Bacterial meningitis 
Birth trauma 
Cerebral sinovenous thrombosis 
Hemophilia 
Leukemia 
Neonatal alloimmune thrombocytopenia 
Metabolic diseases 
Solid brain tumors 
Unintentional asphyxia 
Vitamin K deficiencies 
Bruises and Contusions:  Accidental bruises 
Birth trauma 
Bleeding disorder 
Coining 
Cupping    
Congenital dermal melanocytosis (Mongolian spots) 
Erythema multiforme 
Hemangioma 
Hemophilia 
Hemorrhagic disease 
Henoch-Schonlein purpura 
Idiopathic thrombocytopenic purpura 
Insect Bites 
Malignancy 
Nevi 
Phytophotodermatitis 
Subconjunctival hemorrhage from vomiting or coughing 
Burns:   Accidental burns 
Atopic dermatitis 
Contact dermatitis 
Impetigo 
Inflammatory skin conditions 
Sunburn 
Fractures:   Accidental 
Birth trauma 
Bone fragility with chronic disease
Caffey disease 
Congenital syphilis 
Hypervitaminosis A 
Malignancy 
Osteogenesis imperfecta 
Osteomyelitis 
Osteopenia 
Osteopenia of prematurity 
Physiological subperiosteal new bone 
Rickets 
Scurvy 
Toddler’s fracture 
Special Considerations

When feasible, and without delaying care to the child, photographs of injuries should be taken prior to initiating treatment of suspected injuries of child abuse.
• Take an identification tag photo.
• Take photos from multiple injury angles and distances.
• Measure and document injury sizes.
• When photographing bite marks include photos focusing on each dental arch to avoid distortion.
• Check photos as they may be used in court.

Assessing Pediatric Head Trauma

The initial assessment should proceed in a stepwise fashion to identify all injuries, as well as optimize cerebral perfusion by maintaining hemodynamic stabilization and oxygenation in children with severe head trauma. The initial survey should also include a brief, focused neurological examination with attention to the Glasgow Coma Scale (GCS), pupillary examination, and motor function.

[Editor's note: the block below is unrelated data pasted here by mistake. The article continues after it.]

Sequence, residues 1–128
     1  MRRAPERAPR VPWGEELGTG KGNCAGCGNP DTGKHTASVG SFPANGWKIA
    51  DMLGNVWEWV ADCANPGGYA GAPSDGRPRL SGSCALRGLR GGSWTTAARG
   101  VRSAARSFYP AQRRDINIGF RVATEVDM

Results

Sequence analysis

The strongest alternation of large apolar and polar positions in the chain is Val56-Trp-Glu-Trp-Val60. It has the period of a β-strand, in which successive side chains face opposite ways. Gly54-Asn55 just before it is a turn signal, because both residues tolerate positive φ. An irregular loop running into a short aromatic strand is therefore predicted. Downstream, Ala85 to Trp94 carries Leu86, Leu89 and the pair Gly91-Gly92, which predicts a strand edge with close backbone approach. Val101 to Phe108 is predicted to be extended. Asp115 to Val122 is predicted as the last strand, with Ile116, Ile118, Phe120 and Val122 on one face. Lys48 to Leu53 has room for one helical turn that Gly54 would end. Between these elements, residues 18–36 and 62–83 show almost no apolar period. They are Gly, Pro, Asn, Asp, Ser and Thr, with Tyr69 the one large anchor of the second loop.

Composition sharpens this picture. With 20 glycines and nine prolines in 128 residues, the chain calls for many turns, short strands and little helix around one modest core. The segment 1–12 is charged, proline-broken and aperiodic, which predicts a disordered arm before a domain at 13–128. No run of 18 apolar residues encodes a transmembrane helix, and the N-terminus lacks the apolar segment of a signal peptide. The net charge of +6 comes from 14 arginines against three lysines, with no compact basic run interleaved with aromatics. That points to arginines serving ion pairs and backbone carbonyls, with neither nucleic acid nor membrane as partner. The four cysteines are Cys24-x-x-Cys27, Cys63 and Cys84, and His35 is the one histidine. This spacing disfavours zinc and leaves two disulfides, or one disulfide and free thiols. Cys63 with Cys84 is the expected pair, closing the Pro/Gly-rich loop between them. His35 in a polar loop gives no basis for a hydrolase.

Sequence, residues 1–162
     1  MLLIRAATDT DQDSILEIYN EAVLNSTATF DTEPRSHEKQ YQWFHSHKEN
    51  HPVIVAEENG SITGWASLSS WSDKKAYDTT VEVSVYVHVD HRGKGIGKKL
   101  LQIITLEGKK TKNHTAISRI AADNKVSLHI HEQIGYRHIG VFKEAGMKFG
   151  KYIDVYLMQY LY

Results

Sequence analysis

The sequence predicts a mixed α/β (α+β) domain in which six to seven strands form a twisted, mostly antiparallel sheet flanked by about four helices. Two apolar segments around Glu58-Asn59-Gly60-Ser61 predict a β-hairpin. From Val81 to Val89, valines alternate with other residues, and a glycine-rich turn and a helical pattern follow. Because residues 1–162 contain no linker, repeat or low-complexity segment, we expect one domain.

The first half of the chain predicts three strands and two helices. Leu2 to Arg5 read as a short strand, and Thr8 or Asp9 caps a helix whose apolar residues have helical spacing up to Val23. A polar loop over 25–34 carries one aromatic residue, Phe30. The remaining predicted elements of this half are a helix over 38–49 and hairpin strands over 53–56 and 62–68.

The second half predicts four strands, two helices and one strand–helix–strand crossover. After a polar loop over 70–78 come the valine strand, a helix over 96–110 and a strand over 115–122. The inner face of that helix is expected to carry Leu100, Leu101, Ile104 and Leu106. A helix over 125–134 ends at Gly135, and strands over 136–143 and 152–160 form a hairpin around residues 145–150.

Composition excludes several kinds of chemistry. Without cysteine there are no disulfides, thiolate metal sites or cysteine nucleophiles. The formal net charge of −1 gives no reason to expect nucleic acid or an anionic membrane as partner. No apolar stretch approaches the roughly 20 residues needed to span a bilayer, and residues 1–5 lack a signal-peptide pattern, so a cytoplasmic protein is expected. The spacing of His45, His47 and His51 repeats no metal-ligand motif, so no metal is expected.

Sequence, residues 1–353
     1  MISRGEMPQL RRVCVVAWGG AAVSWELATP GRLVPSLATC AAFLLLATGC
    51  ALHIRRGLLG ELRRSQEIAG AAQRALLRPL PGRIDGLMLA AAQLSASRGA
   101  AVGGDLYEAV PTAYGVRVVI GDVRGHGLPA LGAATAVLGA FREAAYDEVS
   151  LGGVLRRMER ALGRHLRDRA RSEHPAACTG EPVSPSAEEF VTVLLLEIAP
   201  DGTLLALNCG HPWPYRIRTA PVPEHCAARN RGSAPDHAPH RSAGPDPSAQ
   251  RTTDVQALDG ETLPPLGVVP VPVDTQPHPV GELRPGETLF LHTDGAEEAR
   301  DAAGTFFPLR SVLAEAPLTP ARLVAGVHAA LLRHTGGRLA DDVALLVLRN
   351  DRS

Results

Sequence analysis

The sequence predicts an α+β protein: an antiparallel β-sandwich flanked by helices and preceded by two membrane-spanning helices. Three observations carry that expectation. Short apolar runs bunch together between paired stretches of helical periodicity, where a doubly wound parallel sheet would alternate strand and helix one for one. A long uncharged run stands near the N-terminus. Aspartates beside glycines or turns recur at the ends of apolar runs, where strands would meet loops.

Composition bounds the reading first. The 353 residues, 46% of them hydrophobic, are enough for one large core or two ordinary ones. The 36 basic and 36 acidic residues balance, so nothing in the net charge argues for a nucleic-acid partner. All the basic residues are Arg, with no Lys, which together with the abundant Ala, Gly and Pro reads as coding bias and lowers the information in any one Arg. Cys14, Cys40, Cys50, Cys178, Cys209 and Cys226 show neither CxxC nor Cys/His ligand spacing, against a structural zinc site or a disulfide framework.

Pediatric Glasgow Coma Scale

The pediatric GCS is like the adult GCS, but the main difference is in the verbal response assessment. It has also been modified to address age appropriate responses within the pediatric population. For instance the pediatric GCS assigns a normal verbal score of 5 for babbling, cooing, or being oriented and using phrases appropriately, while subtracting 1 point if crying but consolable, using inappropriate words, or confusion, subtracting 2 points for inconsolable crying and incomprehensible words, subtracting 3 points for grunting or incomprehensible sounds, and subtracting 4 points for no verbal response. 

After addressing any airway or circulatory deficits, a thorough head-to-toe physical examination must be performed with vigilance for occult injuries and careful attention to detect any of the following warning signs for head trauma: 

Base skull fracture: Inspection for cranial nerve deficits, periorbital or postauricular ecchymosis, cerebrospinal fluid, rhinorrhea or otorrhea, hemotympanum 
Increased intracranial pressure: Fundoscopic examination for retinal hemorrhage (potential sign of abuse in children) and papilledema 
Skull fractures: Palpation of the scalp for hematoma, crepitus, laceration, and bony deformity (markers of skull fractures). In infants, fullness of the fontanelle can be a marker of intracranial hematoma or elevated increased intracranial pressure